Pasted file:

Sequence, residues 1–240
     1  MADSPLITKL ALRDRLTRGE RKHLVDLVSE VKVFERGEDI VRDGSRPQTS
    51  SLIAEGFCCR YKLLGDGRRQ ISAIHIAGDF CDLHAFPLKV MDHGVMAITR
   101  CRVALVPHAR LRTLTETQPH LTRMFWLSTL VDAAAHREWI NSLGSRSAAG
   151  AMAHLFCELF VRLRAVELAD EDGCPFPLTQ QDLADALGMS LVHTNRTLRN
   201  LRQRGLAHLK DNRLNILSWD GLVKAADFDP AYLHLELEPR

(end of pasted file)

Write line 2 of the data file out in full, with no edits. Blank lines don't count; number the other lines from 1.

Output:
     1  MADSPLITKL ALRDRLTRGE RKHLVDLVSE VKVFERGEDI VRDGSRPQTS